Koki Mitani

Ochepi!: The Orchestra Pit

October 22, 2005
Koki Mitani

Koki Mitani

Playwright and director. Born in Tokyo in 1961, Koki Mitani graduated from the theater course of the Department of Arts of Nihon University. While in university, in 1983 he got together with fellow students to form the company “Tokyo Sunshine Boys.” With a strong focus on comedy, he has written many well-made plays with clearly depicted characters. In addition to theater, he has written the numerous screenplays for the television, and a good number of his representative works have been made into movies, such as Twelve Gentle Japanese (premiered 1990), taking its situation from the coming introduction of a jury court system in Japan; Warai no Daigaku (University of Laughs) (premiered 1996), a play about the cat-and-mouse game played between a light theater playwright and the censors during World War II (adapted in English translation by Richard Harris as The Last Laugh and performed in the UK and Japan in 2007); the human drama Ryoma no Tsuma to sono Otto to Aijin (Ryoma’s Wife, Her Husband and His Mistress) (Premiered 2000), about the life of the widow of the late Edo period hero Sakamoto Ryoma. Mitani made his debut as a film director in 1997 with Radio no Jikan (premiered 1993), a comedy he wrote in his theater company days about the slapstick goings-on during the recording of a radio drama, since then he has continued his activities as a film director as well. His theater company Tokyo Sunshine Boys has suspended their activities for 30 years as Mitani announced after their 1997 production Tokyo Sunshine Boys no Wana . His awards include the 4th Yomiuri Theater Grand Prix “Best Play” award for Warai no Daigaku , the 3rd Tsuruya Namboku Drama Award for Matoryoshika (1999), the 45th Kishida Drama Award for his first musical Okepi! (2000) and the Akimoto Matsuo Award of the 7th Asahi Performing Arts Awards of 2008, among others.

This piece is what you might call a “backstage musical” that depicts the slapstick going on between the musicians in the orchestra pit during the performance of a musical in a situation comedy style.

Parco Produced The Orchestra Pit 2003
Photo by Masahiko Yako

Data :
First Performance: 2000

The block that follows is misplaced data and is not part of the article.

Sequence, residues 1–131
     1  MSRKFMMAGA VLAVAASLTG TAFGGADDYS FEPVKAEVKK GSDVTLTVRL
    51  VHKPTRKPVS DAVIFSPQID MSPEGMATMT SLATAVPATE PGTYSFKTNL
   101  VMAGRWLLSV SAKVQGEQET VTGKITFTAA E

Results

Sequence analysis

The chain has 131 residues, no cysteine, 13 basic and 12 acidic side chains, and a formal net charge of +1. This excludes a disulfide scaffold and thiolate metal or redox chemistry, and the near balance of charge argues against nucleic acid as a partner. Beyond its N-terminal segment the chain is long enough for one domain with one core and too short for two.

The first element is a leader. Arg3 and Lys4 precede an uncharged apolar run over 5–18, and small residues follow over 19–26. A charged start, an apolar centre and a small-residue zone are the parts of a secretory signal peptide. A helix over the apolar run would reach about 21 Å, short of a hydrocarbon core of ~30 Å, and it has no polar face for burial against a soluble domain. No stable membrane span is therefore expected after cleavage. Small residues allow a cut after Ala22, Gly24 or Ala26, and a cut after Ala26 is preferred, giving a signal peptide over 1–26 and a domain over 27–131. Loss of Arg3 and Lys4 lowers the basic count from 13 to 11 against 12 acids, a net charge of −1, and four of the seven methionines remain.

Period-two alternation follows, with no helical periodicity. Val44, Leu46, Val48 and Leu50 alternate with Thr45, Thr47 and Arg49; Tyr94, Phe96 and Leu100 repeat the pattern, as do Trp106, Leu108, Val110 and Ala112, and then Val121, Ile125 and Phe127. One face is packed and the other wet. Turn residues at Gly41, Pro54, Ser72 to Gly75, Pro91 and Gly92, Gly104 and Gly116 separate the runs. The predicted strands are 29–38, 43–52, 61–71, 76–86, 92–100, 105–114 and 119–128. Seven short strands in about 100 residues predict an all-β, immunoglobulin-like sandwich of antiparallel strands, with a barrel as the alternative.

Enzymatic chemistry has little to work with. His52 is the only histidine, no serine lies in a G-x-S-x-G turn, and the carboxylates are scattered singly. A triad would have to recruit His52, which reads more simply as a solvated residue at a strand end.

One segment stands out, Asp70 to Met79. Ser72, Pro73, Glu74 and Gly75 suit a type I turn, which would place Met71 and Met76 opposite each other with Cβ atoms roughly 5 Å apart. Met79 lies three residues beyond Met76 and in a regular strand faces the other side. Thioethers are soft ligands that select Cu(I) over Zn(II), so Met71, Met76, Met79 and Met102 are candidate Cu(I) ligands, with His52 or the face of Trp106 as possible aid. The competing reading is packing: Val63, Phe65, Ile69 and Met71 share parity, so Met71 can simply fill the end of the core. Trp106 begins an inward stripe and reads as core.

Performance time: Approx. 3hr. 30min.
Cast: 13 (9 men, 4 women)

When the curtain opens, the stage is in the form of an orchestra pit. An additional twist of interest is involved through the fact that the music performance for the musical supposedly being performed on that upper stage also becomes numbers for the play that is occurring in the orchestra pit in front of us.

The first to appear on stage is the conductor, who will also serve the role of narrator connecting the audience to the stage. The conductor introduces the musicians (actors) as they gather in twos and threes on the stage, and as he does so he explains to us that here below the glamorous world of and evening’s theater being acted out on the stage above unseen musicians of the band give there all in each night’s performance and live their lives to the full. All the events of life happen down here in the orchestra pit, too, he explains.

The conductor’s wife is the violinist Hachiko. She has left home to live with her lover, the trumpet player Todo. While trying to think of some way to get his wife back, the conductor also harbors a wish to become involved with the harpist, Shinonome.

However, the guitarist Tange announces that he and Shinonome have become engaged. Seeing the perplexed expression on Shiononome’s face, the conductor asks her if it is true, only to hear her confess that Tange has been pushing things ahead even though she has no intention of getting married.

When the conductor decides that the time has come to tell Tange the truth and convince him to abandon his dream, he learns that in fact it is Shinonome’s indecisive character and her habit of leading any man on that causes her to give them the impression that she likes them even though she doesn’t. Not only had she recently gone with Tange to the same restaurant that she had been to with the conductor, but she had also met his parents and gone on a trip to a hot spring spa. Still, she explains that she only went along because it was a spa that she had always wanted to visit.

Apart from these tangled love relationships, the musical is proceeding up on the stage and the conductor must busy himself with the preparations and performance of each number even though there are more troubles he has to deal with at the same time. There is the pianist who is always getting her part wrong, the trumpet player with a hangover, the drummer who is trying to sell detergent from a disreputable pyramid type sales scheme, the violist who is always nodding off and the high-strung oboist with a difficult personality. It is all the conductor can do just to keep the show going.

Along the way, it is revealed that Hachiko has left Todo because he was cheating on her and the object of his infidelity is none other than Shinonome.

Shinonome lets her feelings come out in a song, saying her loneliness makes her want to be loved by someone even though her fear of being hurt keeps her from loving anyone back.

The conductor tries to convince Hachiko that they should try to make a new start together, but she tells him that when two people are together for a long time they begin to see only each others’ bad sides. She tells him that she left him because she didn’t want to come to dislike him any more. She says she respects him because “Only you could hold this band of musicians together and make it function.”

Up on the stage above the musical is coming to a climax and the curtain closes as the orchestra is playing the ending piece.

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